What "Star Trek" might have gotten right, and wrong, about aliens

The striking similarity between humans and the show’s most famous aliens, including Romulans, Vulcans, and Andorians, has been a point of contention with many fans over the years. In Star Trek: The Next Generation, the franchise writers attempted to explain this convenient lack of biological diversity using a real scientific theory called panspermia.

Proponents of this theory argue that life on Earth may have been seeded by hardy microbes—or at least, by raw ingredients such as amino acids—that traveled here via comets or asteroids. While there’s no direct evidence to back up this claim, missions such as the Rosetta orbiter have found the building blocks of life on comets, and we know tough organisms such as tardigrades can survive unprotected in space.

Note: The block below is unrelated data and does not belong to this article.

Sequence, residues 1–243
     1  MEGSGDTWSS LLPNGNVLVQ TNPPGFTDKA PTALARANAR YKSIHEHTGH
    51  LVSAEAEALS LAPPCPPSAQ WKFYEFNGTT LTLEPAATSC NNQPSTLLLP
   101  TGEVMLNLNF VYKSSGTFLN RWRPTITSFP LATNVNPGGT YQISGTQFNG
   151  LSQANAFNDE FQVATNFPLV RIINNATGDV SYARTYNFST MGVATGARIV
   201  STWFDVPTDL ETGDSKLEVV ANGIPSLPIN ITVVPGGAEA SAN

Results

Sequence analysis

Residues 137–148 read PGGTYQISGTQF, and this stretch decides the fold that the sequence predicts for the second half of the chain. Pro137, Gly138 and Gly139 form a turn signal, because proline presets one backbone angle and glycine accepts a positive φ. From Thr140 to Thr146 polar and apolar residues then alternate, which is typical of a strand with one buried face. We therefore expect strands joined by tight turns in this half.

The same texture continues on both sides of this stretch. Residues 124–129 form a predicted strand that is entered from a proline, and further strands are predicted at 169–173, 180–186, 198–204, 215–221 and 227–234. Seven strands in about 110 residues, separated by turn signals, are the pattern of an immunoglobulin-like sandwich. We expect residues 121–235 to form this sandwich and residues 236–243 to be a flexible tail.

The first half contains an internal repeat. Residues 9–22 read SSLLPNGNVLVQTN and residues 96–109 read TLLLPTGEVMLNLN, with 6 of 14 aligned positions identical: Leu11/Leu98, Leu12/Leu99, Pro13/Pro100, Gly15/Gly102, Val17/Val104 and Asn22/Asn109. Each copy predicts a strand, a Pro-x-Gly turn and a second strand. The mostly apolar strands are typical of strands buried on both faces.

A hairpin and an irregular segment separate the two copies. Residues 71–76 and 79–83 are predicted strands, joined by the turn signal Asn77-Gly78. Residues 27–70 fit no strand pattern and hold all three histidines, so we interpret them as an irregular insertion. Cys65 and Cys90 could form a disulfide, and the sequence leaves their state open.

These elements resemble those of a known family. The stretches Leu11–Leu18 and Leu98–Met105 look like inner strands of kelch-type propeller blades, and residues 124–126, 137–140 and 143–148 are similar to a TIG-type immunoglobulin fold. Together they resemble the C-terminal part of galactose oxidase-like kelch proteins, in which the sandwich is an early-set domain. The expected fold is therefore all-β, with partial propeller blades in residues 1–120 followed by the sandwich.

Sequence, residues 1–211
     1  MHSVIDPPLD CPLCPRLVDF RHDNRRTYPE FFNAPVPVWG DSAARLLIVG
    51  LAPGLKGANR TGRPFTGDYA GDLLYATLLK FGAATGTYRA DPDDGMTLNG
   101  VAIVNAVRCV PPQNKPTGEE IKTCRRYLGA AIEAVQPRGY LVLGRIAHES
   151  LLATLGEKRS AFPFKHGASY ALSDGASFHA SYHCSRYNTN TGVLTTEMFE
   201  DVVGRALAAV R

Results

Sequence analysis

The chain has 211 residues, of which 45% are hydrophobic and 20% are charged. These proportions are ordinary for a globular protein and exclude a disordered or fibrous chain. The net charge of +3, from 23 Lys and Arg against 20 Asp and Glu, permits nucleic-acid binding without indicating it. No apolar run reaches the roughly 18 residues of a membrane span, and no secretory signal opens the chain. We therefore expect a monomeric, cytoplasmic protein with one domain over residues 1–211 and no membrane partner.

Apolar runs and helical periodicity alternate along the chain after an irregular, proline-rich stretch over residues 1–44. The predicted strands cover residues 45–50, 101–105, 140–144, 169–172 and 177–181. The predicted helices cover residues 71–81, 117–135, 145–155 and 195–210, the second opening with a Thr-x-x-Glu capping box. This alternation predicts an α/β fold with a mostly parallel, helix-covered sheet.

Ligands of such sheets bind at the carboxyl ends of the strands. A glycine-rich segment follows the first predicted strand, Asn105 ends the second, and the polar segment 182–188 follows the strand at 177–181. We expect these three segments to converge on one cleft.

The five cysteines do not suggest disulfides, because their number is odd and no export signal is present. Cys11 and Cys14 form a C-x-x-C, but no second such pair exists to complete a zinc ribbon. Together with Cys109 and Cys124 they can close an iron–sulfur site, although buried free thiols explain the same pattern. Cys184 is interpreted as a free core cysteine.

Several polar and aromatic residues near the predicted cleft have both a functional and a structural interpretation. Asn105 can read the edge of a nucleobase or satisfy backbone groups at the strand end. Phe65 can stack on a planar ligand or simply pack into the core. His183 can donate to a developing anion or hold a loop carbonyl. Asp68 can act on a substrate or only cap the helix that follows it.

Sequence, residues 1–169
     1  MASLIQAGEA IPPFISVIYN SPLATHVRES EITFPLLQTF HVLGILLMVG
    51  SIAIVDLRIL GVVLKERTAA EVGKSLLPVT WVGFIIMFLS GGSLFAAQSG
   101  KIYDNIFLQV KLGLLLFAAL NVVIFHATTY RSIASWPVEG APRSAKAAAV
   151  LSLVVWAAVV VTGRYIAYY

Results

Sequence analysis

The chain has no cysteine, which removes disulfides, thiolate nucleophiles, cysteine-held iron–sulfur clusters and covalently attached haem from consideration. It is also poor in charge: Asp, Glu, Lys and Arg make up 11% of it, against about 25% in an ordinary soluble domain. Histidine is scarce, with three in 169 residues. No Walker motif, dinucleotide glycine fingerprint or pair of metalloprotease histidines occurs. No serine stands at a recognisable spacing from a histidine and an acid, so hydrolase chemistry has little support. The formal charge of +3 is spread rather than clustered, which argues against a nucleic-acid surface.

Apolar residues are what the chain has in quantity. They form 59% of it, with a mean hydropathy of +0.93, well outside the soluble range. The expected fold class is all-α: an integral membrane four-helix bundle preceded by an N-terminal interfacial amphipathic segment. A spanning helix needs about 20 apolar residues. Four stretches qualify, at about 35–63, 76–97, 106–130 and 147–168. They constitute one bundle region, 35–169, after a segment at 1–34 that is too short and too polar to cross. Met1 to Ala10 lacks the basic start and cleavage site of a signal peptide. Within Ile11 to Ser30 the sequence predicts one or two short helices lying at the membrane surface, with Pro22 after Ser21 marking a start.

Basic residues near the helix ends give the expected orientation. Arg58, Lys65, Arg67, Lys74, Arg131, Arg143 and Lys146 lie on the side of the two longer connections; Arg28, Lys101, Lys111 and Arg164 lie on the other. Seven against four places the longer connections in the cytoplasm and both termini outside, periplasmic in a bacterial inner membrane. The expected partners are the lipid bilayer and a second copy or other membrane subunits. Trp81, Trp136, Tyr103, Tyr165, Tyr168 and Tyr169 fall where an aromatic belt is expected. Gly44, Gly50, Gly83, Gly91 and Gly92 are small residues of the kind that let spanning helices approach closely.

Scientists also believe early Earth was bombarded by meteors, which could have delivered a “starter kit” for life from elsewhere in the galaxy.

Building on the panspermia concept, Star Trek suggested that an ancient humanoid life-form intentionally seeded worlds around the Milky Way, creating new species that assumed their basic shape. While each of these species may have split off on its own evolutionary path, they are all essentially long-lost relatives. (Find out how Star Trek is right about almost everything.)